By Jacqueline Cogdell DjeDje, Eddie S. Meadows
Focusing on blues, jazz, gospel, rhythm and blues, and soul tune, California Soul is among the first books to discover the wealthy musical background of African american citizens in California. The individuals describe intimately the person artists, locales, teams, musical types, and neighborhood characteristics, and the result's a massive publication that lays the basis for an entire new box of research. The essays draw from oral histories, song recordings, newspaper articles and ads, in addition to inhabitants facts to supply insightful discussions of subject matters just like the California city milieu's impression on gospel track, the advance of the West Coast blues kind, and the importance of Los Angeles's primary road within the early days of jazz. different essays supply views on how person musicians were formed by way of their African American history, and at the position of the checklist and radio within the making of song. as well as the varied diversity of essays, the booklet contains the main accomplished bibliography now to be had on African American track and tradition in California.
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Additional resources for California Soul: Music of African Americans in the West
Grand Hotel, and at the Jump Steady Club, where he appeared with the great blues singer Jimmy Rushing. ”70 Though Morton’s name does not appear in the ads, his autobiography71 indicates that the Cadillac was his ﬁrst main gig after he arrived in Los Angeles in and that the band he played with there initially was composed of local (at least, non–New Orleans) players: The Cadillac was again in bloom. Of course, the musicians couldn’t play the tunes we could in New Orleans; they didn’t have the ability.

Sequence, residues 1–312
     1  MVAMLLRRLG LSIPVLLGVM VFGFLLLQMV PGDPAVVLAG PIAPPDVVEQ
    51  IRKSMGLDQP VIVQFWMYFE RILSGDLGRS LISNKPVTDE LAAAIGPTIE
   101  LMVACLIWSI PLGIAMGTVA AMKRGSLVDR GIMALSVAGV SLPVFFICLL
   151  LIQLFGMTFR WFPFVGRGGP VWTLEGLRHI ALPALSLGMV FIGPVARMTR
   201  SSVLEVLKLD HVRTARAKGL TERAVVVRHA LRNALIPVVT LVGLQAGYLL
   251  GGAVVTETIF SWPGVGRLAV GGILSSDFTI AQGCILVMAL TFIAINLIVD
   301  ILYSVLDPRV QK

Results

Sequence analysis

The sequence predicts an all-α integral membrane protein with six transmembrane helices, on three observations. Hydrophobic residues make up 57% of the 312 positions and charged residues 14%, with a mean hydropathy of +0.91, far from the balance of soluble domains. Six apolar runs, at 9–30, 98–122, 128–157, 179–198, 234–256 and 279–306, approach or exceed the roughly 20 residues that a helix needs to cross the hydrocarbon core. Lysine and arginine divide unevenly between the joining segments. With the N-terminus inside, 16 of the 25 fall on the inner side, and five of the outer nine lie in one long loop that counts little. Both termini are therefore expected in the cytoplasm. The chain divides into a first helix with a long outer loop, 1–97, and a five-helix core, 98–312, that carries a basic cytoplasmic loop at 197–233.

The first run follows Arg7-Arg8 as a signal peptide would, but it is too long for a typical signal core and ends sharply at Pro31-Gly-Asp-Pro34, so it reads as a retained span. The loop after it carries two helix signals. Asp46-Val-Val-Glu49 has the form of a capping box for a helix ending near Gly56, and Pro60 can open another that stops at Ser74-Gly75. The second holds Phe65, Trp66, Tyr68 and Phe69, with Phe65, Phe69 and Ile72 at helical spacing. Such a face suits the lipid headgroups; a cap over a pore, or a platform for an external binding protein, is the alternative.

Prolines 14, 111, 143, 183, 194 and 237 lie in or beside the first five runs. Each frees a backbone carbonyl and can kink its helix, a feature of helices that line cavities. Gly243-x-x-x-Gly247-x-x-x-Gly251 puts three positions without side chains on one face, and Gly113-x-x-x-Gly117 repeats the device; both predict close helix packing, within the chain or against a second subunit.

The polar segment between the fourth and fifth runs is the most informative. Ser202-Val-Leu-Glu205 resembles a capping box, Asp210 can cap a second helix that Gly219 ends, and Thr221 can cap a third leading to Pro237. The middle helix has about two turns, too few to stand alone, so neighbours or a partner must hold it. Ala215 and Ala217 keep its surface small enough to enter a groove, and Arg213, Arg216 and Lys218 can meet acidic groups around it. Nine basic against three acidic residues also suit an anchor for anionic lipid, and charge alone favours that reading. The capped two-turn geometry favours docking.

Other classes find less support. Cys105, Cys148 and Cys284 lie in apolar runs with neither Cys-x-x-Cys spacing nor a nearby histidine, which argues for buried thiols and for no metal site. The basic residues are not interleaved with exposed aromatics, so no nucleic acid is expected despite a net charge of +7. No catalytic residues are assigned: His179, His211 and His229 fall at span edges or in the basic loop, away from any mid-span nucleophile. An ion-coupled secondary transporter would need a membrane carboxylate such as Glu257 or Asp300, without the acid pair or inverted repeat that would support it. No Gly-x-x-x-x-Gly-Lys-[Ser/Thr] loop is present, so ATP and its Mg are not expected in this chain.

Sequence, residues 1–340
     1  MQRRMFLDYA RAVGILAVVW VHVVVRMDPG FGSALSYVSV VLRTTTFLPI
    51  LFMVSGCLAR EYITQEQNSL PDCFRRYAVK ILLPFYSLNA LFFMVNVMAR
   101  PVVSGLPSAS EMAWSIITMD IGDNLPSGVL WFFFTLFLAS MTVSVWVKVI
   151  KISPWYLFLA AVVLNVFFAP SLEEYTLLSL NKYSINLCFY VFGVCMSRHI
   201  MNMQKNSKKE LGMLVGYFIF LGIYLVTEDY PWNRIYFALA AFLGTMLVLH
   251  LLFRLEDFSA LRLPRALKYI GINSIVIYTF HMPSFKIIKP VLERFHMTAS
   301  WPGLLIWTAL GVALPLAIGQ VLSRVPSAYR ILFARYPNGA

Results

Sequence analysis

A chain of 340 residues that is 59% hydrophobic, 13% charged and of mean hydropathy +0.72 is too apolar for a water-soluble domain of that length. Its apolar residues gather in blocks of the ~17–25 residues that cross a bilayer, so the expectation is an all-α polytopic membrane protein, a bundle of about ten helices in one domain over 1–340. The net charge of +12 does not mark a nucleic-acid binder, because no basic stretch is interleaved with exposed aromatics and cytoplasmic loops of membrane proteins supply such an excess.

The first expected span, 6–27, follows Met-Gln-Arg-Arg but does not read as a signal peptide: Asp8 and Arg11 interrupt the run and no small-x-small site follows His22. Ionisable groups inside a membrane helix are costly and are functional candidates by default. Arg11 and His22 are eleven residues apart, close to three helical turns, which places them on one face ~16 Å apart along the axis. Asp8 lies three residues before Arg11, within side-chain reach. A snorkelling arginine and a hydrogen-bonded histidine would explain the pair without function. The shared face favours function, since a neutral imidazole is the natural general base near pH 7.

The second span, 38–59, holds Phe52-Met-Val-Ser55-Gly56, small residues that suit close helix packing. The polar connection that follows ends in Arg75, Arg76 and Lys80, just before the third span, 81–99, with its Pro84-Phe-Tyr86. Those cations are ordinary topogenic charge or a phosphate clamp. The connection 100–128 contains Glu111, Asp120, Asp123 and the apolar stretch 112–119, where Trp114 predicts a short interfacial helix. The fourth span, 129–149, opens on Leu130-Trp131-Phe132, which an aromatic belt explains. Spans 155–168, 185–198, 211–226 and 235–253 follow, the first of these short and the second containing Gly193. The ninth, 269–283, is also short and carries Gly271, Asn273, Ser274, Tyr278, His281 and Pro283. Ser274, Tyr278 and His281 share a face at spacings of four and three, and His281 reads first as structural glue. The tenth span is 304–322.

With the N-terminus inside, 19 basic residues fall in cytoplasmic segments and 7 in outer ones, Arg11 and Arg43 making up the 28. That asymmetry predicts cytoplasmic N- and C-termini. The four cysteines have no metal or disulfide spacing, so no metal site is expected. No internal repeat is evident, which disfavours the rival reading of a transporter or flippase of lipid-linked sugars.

The organization of materials is somewhat haphazard, and the text, mainly limited to captions and short introductory and transitional essay passages, provides valuable chunks of information but leaves a great deal unaccounted for, jumping about without much regard for chronological coherence. Bette Yarbrough Cox’s Central Avenue—Its Rise and Fall,8 despite its somewhat anecdotal presentation, is one of the few works that provides a more extensive discussion of jazz in Los Angeles prior to .
We didn’t have any dance halls in Los Angeles so there weren’t any places for musicians to play. ”45 The Sam McVea referred to by Spikes was likely related to (or perhaps was himself ) the father of Jack McVea. Jack got his start as a musician playing banjo for his father’s group, McVea’s Howdy Band, in the s, joining the band when he was only eleven years old. ” Most of Los Angeles’s black dance-band musicians were formally trained in European art music, to a greater degree than their counterparts elsewhere in the country,46 and musicreading ability was a prerequisite for professional success on the society danceband scene.